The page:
Different methods for heating or cooling a room
As said in the introduction above, cooling a room to achieve the ideal temperature may be done by either an airborne or a waterborne system. A number of factors determine which core system to opt for, for instance the investment cost, aesthetics and practical matters all need to be recognized. A first step is to consider what type of application, building or facility, the completed solution is intended for. It is thereafter important to establish the activity that will take place in the building, the demand differs between work and sports for instance.
Normally buildings of today, new-build or renovation, are constructed not to let excessive heat out of the building envelope. That is why, generally, the cooling demand is greater than the demand for heating. However, if there is a heating requirement it may be met by using induction units, radiators, heated floors or, in an airborne system, using duct heaters.
On the right, a few given requirements list a handful of examples for when an waterborne or an airborne system is advised to be used.
Typical applications for water and air respectively
Waterborne systems are normally used where low to medium air flows occur and a high cooling or heating capacity is required. Common in
- IT rooms
- Conference rooms
Air is commonly used where high to medium airflows, and perhaps variable air volumes, are present. Most often used in
- Congress halls
- Light industry
- Shopping centres
- Sports arenas
The main difference between the two
When a waterborne system is applied the individual rooms are mainly heated or cooled by the means of water. A ventilation system is then primarily used to meet the requirements of air quality. Water is a high energy efficient medium and may therefore suit applications with high cooling demands. However, a waterborne system may not be an economically viable alternative if a building lack supply of water for this purpose.
With the above said, an airborne system can manage ventilation, heating and cooling altogether, or by the support of radiators, floor heating and similar. In terms of an airborne system, it is important to keep in mind what was said in the introduction, air is a less energy efficient medium and may therefore not suit all applications.
Commonly known waterborne products are induction units, comfort modules, chilled beams and fan coils, further, radiant ceilings is also an alternative. Air diffusers, used in airborne systems, are available in numerous modifications which varies in terms of created air flow pattern, ventilation principle, and possibility to make adjustments thereof.
See our office guide for further aspects of air and water
Essential aspects of air
Airborne cooling is based on keeping the supply air cooler than the room air. In cases where it is cooler outdoors than indoors, the cooling will, at least for some time during the day and year, be free. This is called free cooling and it is clearly energy efficient and economically favourable.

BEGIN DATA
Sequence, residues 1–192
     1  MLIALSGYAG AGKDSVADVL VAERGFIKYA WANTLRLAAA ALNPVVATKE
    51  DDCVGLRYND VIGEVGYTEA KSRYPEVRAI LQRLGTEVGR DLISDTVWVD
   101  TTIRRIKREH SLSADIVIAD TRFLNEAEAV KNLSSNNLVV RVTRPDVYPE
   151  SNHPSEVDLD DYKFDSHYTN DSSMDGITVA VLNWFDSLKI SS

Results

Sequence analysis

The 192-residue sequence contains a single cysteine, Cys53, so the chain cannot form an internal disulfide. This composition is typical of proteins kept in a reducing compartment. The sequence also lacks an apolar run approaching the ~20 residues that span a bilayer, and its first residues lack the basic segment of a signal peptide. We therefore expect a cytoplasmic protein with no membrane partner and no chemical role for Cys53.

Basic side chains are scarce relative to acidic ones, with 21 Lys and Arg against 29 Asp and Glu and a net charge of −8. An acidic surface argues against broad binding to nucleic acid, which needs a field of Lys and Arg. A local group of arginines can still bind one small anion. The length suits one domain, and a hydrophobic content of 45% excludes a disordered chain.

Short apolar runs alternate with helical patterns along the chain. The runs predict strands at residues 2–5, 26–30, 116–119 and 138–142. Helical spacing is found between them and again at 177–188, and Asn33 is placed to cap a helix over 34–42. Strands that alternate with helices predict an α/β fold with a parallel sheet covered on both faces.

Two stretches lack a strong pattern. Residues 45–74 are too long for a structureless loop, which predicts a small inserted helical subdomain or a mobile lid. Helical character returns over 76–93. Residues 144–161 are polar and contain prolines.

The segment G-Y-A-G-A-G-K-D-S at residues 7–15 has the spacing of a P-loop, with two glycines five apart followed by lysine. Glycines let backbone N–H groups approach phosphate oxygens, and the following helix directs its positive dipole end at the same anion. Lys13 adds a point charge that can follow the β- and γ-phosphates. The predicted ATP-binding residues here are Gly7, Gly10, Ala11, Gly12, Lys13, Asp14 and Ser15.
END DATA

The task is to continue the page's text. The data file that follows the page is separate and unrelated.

Airborne systems are widely used and suitable in applications where similar indoor climate needs apply. Duct heaters and the wide range of air diffusers allow for slightly different requirements to be set on different floor levels or in different climate zones. Then, carefully chosen diffusers can maintain a good ejection functionality of the supply air and allow for the Coanda effect to persist, even at low supply air temperatures. This eliminates the risk of experiencing high air velocity draughts in the occupied zone.
Considering the somewhat less complex solution, and the likely existence of ducts and shafts for an airborne system in conversion or renovation properties, air is a cost efficient alternative in regards to the investment.
Understand cooling and heating loads
Excess heat that has to be removed from a building to maintain the indoor temperature below a required maximum is called the cooling load.
It is important to distinguish the sensible cooling capacity load and the total cooling capacity load, including wet cooling. Sensible cooling capacity refers to the capacity that corresponds to the temperature difference between the desired temperature and the temperature that would have been without comfort cooling. The total cooling capacity shall also include the latent cooling load which include wet cooling. This concerns the enthalpy difference that must be accomplished in order for the supply air to be dehumidified in the ventilation unit’s and/or fanned air cooler’s cooling coil. If the latent cooling load is considered, the total cooling load generally increases by over 100%.